Step 6: Ceate the Heat Chamber

You have to separate the fire box area from the meat. The easy method is to go to your local garden store and purchase a 16"diameter terracotta bottom for a planter. You place this on a grill rack wrapped in aluminum foil, the reason you wrap in aluminum foil is to make clean up easier. I have also made a 1/4" steel plate with holes drill in the perimeter.

Either design will allow smoke and heat to travel up the side of the smoker without direct heat on the meat. If you what a water pan just place it in the center of either plate.

Step 7: Nothing Says Smoking, Like Flames

You can download flame templates from Duplicolor web site. I used Photoshop to make the flames the size I wanted, and then I attached them to the drum. You will notice that I had to cut the flames at the rolled ridge in the barrel, using painter tape I filled in the area and expanded the flames to line up. Using contact cement I attached the template to the drum, cut out the flames with a sharp knife.

Step 8: Painting of the Flames

I use aerosol paint for the red and yellow and an air brush with orange for the mid-section. Make sure that you have protected the rest of the drum before you start painting. Paint the red and yellow and let dry to the touch then mix red and yellow to make your orange and fill in the rest of the flame. You can purchase inexpensive air brush kits for under $20.00 and with a small air compressor you are in business.

Step 9: Adjusting the Draft

Your smoker tempature is control by the draft, if you using a ATC device the heat probe will tell the fan when to turn on and off. Without a ATC device you will need to adjusting the bottom holes and the lid opening at the top. I decide that I did not want a hole in my lid as I live in the Pacific Northwest and we have rain so all I use is a wood shim.

Step 10: Conclusion

The smokers will cost approximately $150.00 without the ATC system. The painting of the flames will take longest time to complete. If you do not paint flames you should be able to finish this over a weekend. I find that I can get 6 - 7 hours of smoke time at 230 degrees with one load of charcoal. I mix in wood with the charcoal, so I'm always getting a light smoke. Using all three racks will give you plenty of rack space. Here is some pictures from the first two smokes.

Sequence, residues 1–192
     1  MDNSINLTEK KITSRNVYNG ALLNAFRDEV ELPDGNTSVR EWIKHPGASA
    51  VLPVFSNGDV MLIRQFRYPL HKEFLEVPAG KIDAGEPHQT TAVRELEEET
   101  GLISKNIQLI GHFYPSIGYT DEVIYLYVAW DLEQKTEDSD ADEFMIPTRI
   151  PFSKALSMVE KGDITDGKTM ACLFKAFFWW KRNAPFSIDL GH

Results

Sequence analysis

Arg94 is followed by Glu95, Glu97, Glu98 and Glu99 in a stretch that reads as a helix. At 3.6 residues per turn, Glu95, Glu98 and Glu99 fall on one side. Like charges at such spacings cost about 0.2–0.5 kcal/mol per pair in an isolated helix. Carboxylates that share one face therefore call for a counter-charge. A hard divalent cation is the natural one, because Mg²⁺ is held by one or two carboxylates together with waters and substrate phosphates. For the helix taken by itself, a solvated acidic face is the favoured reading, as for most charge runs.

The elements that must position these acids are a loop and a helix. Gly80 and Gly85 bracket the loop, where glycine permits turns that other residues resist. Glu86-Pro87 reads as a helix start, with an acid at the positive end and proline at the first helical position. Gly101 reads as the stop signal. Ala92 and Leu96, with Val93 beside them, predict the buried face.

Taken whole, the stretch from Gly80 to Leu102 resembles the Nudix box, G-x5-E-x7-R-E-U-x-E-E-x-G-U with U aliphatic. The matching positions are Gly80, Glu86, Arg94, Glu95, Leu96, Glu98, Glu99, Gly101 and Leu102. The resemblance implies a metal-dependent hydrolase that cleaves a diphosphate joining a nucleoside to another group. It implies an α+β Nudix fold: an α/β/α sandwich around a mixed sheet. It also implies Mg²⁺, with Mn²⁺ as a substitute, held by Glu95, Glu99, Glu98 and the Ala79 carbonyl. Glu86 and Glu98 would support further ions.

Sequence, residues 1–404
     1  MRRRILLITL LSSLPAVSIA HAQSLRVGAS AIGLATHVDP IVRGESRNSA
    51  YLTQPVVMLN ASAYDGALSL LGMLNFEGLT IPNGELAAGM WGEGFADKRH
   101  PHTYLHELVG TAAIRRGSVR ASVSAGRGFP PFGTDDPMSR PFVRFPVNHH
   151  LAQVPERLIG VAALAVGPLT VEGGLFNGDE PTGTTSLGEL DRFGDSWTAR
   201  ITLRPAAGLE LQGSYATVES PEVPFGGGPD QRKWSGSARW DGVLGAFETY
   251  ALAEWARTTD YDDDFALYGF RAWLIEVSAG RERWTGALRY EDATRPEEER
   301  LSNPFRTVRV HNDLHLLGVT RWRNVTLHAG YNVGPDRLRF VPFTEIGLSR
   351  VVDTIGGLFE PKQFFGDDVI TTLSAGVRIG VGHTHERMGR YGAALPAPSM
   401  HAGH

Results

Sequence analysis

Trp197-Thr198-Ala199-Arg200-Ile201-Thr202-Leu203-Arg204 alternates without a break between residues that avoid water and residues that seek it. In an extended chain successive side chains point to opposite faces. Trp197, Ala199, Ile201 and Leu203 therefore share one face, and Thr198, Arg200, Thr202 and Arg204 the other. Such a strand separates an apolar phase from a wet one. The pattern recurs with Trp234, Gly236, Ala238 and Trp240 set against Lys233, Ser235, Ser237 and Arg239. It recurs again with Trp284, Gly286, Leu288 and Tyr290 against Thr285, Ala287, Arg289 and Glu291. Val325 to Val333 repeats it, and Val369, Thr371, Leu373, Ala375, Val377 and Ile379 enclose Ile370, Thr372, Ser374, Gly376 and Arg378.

Firing up the smoker.
1. Fill charcoal bin and light.
2. Place charcoal bin in bottom of the drum.
3. Place rack with heat separator in place.
4. Bring smoker to temperature.
5. Install bottom rack and load with meat.
6. Install middle rack and load with meat.
7. Install top rack and load with meat.
8. Position lid and sit back and let the low and slow heat and smoke do it's thing.

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    57 Discussions


    4 years ago on Introduction

    Do you have the instructions for building the fan mount and draft tube? Myself and a couple of friends are going to be building three of these in about two weeks. We are looking over you project, but there are not details for the ATC fan system. The plan is to use Arduino to control the temp, and turn fan on/off.


    6 years ago

    If I get a pid temperature control like the Rex C-100 to run a 12v fan, similar to
    a computer one can I achieve a good air supply to smoke and BBQ in the same barrel? Will it be enough air supply?

    2 replies

    Reply 5 years ago

    Sorry, I was just looking at this page checking out my new project and I see your question. The fan I use is a 5 CFM modified computer fan. If you have a controller to turn the fan on and off to control the temp the smaller the fan the more it will run, the larger the fan it would run as much. I have both 5 and 10 CFM fans. My system is called Stoker by Rocks BBQ in the Bay area.